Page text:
Your life doesn’t need a Grand Plan


I spent most of my prime working life trying to achieve some notion of success. To that end, I studied time management techniques, life goals evaluations, productivity hacks, and a variety of self-help techniques designed to propel me toward that mythical Nirvana of real-world achievement and complete fulfillment. I developed vision boards and spent hours visualizing the perfect life. I did everything they told me would bring ultimate happiness. It made me productive, but it didn’t make me happy.

An old parable says that a fool may have the intelligence to build a ladder to scale a wall, but a wise man will stop to ponder whether or not the wall is worth climbing. I was that fool, and my Sisyphean task in the real world generated a lot of heat but little light. I scaled the wall, but I hadn’t stopped to ponder whether or not the things I was chasing would bring me the satisfaction I desired.

I’ve had many occasions to rebuild my life’s dreams. Whenever a significant life change happened, my mind spent great effort reformulating my vision of where I wanted to be. I just went through one of these changes, but this time, rather than rebuilding the dream, I’m just living moment-to-moment and practicing Dharma. I feel no compulsion to recreate fantastical visions of my future.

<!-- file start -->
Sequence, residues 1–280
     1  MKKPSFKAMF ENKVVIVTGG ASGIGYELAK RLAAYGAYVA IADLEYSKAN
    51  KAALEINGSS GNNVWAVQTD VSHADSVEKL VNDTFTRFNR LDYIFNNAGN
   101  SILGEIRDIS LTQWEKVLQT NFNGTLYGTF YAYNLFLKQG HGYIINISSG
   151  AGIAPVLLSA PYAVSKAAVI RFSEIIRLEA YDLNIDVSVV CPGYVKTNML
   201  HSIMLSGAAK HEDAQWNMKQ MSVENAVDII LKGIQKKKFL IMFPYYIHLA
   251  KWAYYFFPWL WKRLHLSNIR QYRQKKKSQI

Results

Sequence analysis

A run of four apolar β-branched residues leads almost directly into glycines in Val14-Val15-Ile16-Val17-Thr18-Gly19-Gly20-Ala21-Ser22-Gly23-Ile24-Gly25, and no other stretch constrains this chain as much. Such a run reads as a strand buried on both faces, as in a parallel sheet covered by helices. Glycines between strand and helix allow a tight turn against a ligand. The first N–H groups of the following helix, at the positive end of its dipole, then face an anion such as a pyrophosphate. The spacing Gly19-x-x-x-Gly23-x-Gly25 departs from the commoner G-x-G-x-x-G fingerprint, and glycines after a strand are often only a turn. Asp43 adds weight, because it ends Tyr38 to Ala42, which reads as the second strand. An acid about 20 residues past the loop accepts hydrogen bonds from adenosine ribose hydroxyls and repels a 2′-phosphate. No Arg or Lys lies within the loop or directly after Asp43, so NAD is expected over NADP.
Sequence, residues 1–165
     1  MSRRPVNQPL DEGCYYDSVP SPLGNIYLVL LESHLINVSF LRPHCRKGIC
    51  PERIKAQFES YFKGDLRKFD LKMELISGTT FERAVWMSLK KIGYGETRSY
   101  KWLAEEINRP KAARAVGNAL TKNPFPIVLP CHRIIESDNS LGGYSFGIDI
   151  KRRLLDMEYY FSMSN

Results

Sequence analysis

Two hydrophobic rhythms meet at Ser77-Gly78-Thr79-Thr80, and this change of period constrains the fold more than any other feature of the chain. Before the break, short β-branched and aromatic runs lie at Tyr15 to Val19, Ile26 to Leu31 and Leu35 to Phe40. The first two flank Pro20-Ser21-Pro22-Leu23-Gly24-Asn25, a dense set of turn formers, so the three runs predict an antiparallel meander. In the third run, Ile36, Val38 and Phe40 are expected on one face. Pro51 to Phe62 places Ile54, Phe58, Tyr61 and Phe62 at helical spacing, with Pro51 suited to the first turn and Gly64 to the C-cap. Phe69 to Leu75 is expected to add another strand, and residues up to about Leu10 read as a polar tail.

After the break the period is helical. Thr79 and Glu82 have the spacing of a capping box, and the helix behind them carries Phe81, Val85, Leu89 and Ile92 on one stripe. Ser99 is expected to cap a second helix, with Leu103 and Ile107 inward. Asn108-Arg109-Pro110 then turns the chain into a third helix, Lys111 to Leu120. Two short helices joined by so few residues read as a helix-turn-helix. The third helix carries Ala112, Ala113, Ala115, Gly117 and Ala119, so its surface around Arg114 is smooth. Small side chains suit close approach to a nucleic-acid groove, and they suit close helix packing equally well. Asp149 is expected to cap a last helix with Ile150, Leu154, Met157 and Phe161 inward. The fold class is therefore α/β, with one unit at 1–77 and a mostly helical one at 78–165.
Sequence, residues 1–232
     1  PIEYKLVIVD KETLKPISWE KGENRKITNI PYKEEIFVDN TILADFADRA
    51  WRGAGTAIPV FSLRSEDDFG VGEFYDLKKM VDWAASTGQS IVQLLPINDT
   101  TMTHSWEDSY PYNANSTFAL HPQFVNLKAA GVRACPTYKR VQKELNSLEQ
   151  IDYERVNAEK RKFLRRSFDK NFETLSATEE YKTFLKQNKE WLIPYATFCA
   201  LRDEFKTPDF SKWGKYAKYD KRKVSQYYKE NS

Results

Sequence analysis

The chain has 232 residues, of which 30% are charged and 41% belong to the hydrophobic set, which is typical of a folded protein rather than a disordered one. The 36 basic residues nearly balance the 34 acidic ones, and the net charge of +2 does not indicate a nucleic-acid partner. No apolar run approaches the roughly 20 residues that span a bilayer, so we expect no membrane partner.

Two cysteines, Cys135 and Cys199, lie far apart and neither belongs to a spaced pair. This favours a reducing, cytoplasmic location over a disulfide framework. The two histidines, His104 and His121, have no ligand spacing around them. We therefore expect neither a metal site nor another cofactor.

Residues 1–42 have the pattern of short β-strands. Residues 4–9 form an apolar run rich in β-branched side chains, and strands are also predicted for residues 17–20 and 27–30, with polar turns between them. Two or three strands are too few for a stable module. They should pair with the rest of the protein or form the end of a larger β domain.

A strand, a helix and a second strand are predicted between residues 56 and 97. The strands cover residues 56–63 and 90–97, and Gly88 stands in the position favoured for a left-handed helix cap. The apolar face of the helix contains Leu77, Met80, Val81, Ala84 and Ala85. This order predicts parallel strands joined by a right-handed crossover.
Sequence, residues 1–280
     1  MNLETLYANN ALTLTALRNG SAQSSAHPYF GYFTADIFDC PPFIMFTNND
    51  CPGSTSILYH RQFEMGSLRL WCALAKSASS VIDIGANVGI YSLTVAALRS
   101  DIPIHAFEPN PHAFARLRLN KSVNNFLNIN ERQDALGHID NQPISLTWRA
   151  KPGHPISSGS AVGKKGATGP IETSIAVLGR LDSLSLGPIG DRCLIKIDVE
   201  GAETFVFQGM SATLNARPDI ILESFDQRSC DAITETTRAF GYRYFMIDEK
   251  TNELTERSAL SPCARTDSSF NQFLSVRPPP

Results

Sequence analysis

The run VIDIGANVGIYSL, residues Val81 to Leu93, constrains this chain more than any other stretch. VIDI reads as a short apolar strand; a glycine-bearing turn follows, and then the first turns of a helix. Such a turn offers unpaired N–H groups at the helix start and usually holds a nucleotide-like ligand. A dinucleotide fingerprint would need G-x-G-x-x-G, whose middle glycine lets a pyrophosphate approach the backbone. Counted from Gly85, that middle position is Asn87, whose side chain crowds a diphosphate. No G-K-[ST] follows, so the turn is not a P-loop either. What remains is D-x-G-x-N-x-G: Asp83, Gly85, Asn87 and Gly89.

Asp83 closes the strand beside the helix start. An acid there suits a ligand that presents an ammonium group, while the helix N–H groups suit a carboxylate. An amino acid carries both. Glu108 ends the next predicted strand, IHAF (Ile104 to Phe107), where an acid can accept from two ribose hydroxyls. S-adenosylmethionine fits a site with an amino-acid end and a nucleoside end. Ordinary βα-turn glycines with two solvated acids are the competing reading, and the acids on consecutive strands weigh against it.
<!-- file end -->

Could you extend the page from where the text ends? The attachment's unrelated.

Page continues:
As I’ve progressed in my Buddhist practice, I’ve noticed my mind spends far less time wondering about future events. I don’t have the worries about imagined catastrophes, nor do I generate the fantasies about great fortune. I don’t look to vision boards to guide my actions. My life is simple. Present-centered. Easy.

The mind that used to grasp at future outcomes doesn’t arise as often. Once I deeply accepted that no matter what happens that I can accept it, then there are no future outcomes I need to work to avoid. That doesn’t mean I don’t take care of myself, but without attachment or aversion to any outcome, I can move forward in life with complete inner freedom and an absence of worry.

That works for me.

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I am Anattā. Not my real name, of course, but that’s the point. I selected the moniker Anattā because in Buddhism, my primary spiritual practice, the term anattā refers to the doctrine of “non-self”. In more practical terms, I chose the name Anattā because by writing anonymously, it’s far easier to be completely candid and honest. Further, there is no danger of my writing becoming tainted by any desire for self-aggrandizement. I write primarily to improve my own understanding of these topics, but my deepest desire for writing on this site is to help others.